This is a list of submitted surnames in which the usage is English or American.
Submitted names are contributed by users of this website. The accuracy of these name definitions cannot be guaranteed.
A variation of the English name PARHAM
, based on the village of Parham (one in county Suffolk, another in county Sussex). From the Old English peru
, meaning "pear" (the fruit), and ham
, meaning "homestead".
PERPICH English (American)
Americanized spelling of Croatian and Serbian PRPIĆ
was a term denoting young girls who, in the dry season, would visit houses in the village and pray for rain.
Patronymic surname that was derived from the first name Peter.
From the possessive or plural form of Middle English pytte
‘pit’, ‘hollow’, hence a topographic name for someone who lived by a pit, or a habitational name from a place named with this word, as for example Pett in East Sussex.
PETTY English, Scottish
Derived from Norman French petit
, 'small', thus a nickname for a small or insignificant individual.... [more]
Combination of petty
(derived from petit
meaning "small") and the given name JOHN
, hence a nickname for a small or little man.
A rare nickname given for someone's appearance of blonde and red hair just as a phoenix has colorful plumage and a tail of gold and scarlet.
From the medieval French male personal name FILIBERT
, of Germanic origin and meaning literally "very bright, very famous".
PHILLISKIRK English (Rare)
From a 'lost' medieval parish in England or Scotland, named with the Old Norse element kirk
meaning 'church' or 'place of worship'.... [more]
From the name of a beautiful immortal bird which appears in Egyptian and Greek mythology. After living for several centuries in the Arabian Desert, it would be consumed by fire and rise from its own ashes, with this cycle repeating every 500 years... [more]
This famous Yorkshire name is of early medieval English origin, and is a locational surname deriving from the place in West Yorkshire called Pickersgill, or "Robber's Ravine". The placename is derived from the Middle English "pyker", thief, robber, and "gill", gully, ravine, deep glen.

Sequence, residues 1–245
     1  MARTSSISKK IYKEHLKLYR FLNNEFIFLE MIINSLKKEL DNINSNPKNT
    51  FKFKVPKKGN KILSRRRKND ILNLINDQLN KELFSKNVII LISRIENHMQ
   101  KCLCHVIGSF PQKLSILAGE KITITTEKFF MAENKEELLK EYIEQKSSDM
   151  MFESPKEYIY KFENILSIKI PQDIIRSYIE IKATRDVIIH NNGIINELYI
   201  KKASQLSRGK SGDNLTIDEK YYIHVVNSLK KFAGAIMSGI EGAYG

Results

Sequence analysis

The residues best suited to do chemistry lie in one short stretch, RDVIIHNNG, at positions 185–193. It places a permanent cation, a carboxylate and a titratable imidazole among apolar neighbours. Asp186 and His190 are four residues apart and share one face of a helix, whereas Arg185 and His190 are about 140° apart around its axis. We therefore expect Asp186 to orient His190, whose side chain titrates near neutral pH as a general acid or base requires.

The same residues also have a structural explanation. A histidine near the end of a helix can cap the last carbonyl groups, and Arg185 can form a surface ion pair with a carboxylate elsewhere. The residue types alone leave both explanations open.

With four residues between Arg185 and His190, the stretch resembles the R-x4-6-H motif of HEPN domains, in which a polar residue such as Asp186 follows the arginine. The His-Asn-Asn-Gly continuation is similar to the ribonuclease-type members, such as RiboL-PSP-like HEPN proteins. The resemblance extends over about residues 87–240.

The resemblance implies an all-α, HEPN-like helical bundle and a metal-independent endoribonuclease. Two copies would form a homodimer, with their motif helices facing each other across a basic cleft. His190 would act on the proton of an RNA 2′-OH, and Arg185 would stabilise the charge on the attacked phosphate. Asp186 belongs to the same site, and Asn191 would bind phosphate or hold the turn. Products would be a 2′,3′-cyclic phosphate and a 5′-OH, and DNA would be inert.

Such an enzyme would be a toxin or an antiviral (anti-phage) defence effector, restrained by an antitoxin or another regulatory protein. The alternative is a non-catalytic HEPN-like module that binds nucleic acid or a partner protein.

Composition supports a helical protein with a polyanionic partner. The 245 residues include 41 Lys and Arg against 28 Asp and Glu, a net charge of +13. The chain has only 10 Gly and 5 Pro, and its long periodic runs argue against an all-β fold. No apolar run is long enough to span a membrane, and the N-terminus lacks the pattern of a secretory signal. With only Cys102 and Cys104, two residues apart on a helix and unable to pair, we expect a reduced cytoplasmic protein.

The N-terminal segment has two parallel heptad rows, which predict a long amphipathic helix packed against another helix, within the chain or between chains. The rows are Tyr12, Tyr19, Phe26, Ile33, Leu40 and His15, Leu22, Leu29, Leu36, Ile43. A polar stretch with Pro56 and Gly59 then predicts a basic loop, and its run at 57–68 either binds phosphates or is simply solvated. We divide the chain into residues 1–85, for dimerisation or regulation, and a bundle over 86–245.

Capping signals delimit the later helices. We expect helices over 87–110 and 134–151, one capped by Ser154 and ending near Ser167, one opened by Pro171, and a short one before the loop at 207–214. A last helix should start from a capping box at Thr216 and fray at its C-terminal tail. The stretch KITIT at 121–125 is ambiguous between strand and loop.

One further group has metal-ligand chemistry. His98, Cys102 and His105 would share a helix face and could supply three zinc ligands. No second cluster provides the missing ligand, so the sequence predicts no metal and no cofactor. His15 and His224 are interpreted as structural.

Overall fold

of Norman origin, from the personal name "Pic", here with the diminutive suffixes "et" or "ot", and recorded as "Picot, Pigot" and Piket". The name is ultimately of Germanic derivation, from "pic", meaning "sharp", or "pointed", which was a common element in names meaning for instance, residence near a "pointed hill", use of a particular sharp or pointed tool or weapon, or a nickname for a tall, thin person.
This surnames origins lie with the Anglo-Saxons. It is a product of their having lived in the parish of Pitchford in Shropshire. ... [more]
English (of Norman origin): habitational name from any of various places, for example in Aisne and Calvados, so called from Old French pierre ‘stone’ + pont ‘bridge’.
Derived from Middle English pigge
meaning "young hog".
PIKE English, Irish
English: topographic name for someone who lived by a hill with a sharp point, from Old English pic
‘point’, ‘hill’, which was a relatively common place name element.... [more]
From Middle English pilch
, a metonymic occupational name for a maker or seller of pilches or a nickname for a habitual wearer of these. A pilch (from Late Latin pellicia
, a derivative of pellis
"skin, hide") was a kind of coarse leather garment with the hair or fur still on it.
Occupational name for a maker or seller of pilches, from an agent derivative of PILCH
. In early 17th-century English, pilcher
was a popular term of abuse, being confused or punningly associated with the unrelated verb pilch
"to steal" and with the unrelated noun pilchard
, a kind of fish.
Means a person who operates the flying controls of an aircraft.
PINAL English, Spanish (Rare)
The name is derived from when the family resided near a place where vennel grew. Vennel was a herb used for cooking. Other sources list the name as a local name derived from the term at the vennel.
Nickname for a chirpy person, from Middle English pinch, pink ‘(chaf)finch’. Compare Finch. possibly a metonymic occupational name from Middle English pinche ‘pleated fabric’, from Middle English pinche(n) ‘to pinch (pastry)’, ‘to pleat (fabric)’, ‘to crimp (hair, etc.)’, also ‘to cavil’, ‘to be niggardly’.